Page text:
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William H. Crosby, MD
Arch Intern Med. 1974;133(6):1072. doi:10.1001/archinte.1974.00320180190020.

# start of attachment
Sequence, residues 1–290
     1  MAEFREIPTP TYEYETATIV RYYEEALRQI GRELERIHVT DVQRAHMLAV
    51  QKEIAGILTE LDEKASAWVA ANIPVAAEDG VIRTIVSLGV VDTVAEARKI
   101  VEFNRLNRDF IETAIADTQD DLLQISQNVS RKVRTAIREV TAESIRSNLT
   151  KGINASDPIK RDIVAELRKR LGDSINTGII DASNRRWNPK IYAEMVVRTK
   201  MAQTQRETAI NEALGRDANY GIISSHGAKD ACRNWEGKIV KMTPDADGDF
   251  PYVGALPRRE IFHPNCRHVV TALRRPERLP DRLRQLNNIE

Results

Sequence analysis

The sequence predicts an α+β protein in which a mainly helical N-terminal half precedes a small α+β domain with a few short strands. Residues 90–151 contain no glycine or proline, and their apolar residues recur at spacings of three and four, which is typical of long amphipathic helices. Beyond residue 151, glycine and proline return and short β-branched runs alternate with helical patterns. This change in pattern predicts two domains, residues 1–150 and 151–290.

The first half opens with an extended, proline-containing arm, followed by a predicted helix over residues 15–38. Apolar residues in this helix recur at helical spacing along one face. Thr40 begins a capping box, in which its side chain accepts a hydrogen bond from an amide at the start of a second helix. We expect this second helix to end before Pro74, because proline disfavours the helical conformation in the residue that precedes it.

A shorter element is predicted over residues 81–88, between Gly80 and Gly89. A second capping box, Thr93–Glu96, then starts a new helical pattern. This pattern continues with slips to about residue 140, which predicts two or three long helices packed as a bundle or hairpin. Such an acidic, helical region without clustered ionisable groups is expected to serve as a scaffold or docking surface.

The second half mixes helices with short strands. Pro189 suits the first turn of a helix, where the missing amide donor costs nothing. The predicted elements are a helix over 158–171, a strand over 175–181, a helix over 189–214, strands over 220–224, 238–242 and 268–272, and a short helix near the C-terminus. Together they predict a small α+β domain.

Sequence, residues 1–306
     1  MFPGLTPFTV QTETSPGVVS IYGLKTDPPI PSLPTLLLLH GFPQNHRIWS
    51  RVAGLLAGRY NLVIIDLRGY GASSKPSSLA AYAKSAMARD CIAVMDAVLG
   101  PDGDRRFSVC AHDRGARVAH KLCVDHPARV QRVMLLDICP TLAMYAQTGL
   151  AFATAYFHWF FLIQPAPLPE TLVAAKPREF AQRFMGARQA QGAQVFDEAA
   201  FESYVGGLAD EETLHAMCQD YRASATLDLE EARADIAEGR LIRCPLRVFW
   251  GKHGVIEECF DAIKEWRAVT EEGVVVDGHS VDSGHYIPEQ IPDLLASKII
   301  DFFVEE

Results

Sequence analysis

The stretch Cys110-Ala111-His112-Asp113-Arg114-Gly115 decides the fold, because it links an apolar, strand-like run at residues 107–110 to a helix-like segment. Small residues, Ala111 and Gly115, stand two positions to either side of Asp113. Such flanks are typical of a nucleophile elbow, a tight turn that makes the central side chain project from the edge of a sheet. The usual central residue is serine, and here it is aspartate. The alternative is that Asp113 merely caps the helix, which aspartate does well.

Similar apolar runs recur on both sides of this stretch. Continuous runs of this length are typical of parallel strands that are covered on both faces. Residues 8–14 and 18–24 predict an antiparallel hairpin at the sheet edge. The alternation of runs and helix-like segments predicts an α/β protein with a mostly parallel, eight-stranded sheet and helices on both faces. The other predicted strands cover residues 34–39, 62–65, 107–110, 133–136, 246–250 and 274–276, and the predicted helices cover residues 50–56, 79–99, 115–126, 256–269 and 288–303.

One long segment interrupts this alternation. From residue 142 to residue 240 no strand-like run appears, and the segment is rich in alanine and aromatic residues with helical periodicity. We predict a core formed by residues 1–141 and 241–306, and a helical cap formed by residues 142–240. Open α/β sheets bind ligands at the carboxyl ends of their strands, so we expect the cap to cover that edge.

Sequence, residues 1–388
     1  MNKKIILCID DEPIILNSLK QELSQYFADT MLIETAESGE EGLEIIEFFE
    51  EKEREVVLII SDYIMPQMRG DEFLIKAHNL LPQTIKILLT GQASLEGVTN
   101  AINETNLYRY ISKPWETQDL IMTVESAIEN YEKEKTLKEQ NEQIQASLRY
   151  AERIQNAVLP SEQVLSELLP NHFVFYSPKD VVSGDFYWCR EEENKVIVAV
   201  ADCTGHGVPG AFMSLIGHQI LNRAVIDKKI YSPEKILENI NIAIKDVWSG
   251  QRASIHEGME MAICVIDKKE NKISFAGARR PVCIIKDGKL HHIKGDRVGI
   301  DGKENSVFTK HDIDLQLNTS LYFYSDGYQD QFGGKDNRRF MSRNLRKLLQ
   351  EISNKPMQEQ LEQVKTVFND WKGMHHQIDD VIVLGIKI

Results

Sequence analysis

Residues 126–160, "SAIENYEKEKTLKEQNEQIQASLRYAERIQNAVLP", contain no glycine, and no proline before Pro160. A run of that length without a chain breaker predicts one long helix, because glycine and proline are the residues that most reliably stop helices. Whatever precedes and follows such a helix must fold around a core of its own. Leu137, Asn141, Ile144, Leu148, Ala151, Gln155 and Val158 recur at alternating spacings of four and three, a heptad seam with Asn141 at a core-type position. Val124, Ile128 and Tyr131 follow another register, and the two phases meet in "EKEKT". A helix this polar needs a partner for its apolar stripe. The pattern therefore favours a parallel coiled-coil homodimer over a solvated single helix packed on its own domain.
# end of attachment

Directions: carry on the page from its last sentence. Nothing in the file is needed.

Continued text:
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To the Editor.  —Dr. Scheinberg's essay on "The Genetics of Hemochromatosis" in the Archives (132:126, 1973) presents an interesting hypothesis that hemochromatosis is attributable to a recessive gene with variable manifestations in heterozygotes. While this may prove to be a valid conclusion, Dr. Scheinberg's definition of hemochromatosis is not entirely satisfactory:Primary or idiopathic hemochromatosis is a rare illness, worldwide in distribution, and clinically characterized by the combination of cirrhosis, diabetes, skin pigmentation, cardiac disorders, and onset of manifest disease in adult life. The serum iron level is elevated in the range of 200μg/100 ml, and the latent or unsaturated iron-binding capacity (UIBC) in the serum is very low, often approaching zero. By middle age, the body content of iron—20 to 60 gm—is 5 to 15 times that of a normal adult, with much of the iron present in the parenchymal cells of the liver, and some in the cells


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